Updated: Apr 2, 2020
Is there anyone in history who has been able to get on flawlessly with a sibling? What about with a housemate, or even a spouse?
No one is going to get along all the time and the same goes for our dogs. Here are some tips for having dogs live together in relative peace. This is largely about preventing fights between your dogs but can also be very helpful if you already have fighting in the home, on that note though, make sure you get professional help to deal with interdog aggression as poor handling can be extremely risky.
Tip 1. It's important to consider that your dogs likely aren't related. Unrelated dogs have no biological reason to get along other then the fact that they are innately social animals. Packs of wild dogs and wolves, largely consist of related animals that are led by the breeding pair. Not only that, but dogs of very different breeds may have trouble interpreting the body language of each other (squashed faces and missing tails can really hamper communication).
Due to these differences, its important to be patient when your dogs maybe don't get along straight away and take introductions of new dogs nice and slow. Even related dogs are going to have their squabbles and problems, so don't take that for granted either. In some of these cases, you can actually end up with severe fighting between litter mates or they may band together and be very hard to live with, this is widely known as litter mate syndrome, but that's a topic for another time.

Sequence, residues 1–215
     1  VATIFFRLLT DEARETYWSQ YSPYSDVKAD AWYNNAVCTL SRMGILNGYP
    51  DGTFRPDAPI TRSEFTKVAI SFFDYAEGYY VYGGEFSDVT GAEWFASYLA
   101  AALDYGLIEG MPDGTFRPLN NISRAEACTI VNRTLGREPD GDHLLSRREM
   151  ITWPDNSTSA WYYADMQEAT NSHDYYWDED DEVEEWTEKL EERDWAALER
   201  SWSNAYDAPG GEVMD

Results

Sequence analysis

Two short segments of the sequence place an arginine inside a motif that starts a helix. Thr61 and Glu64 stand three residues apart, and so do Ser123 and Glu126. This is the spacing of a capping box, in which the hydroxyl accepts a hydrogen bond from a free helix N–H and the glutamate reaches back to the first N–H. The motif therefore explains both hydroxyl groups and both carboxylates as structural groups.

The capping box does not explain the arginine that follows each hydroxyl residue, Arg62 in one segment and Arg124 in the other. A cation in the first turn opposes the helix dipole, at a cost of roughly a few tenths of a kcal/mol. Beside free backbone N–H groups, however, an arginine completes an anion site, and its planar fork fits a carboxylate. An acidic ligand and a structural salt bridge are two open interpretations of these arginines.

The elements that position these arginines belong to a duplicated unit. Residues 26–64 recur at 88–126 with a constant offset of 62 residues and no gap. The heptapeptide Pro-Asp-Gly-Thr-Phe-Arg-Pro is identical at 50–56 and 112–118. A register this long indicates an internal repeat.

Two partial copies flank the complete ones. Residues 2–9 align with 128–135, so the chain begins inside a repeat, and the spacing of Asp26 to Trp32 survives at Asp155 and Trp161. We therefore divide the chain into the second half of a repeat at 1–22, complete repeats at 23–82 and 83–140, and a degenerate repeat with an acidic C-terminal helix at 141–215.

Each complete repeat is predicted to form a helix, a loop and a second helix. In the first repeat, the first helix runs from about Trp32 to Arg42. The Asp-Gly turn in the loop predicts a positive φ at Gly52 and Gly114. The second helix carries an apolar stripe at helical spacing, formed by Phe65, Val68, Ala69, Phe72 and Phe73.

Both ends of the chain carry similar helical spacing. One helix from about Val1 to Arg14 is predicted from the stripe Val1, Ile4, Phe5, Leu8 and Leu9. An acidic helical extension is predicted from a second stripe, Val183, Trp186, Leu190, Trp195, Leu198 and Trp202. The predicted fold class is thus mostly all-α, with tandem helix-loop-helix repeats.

Tip 2. Take it slow.
When introducing new dogs, don't rush things. Chances are, throwing the dogs together will be a recipe for disaster. You only have to go to the dog park at busy times to see what could happen next. Fights between dogs can occur because of anything from resource guarding, inappropriate or rude behaviour, insecurities or fear, to challenges over leadership.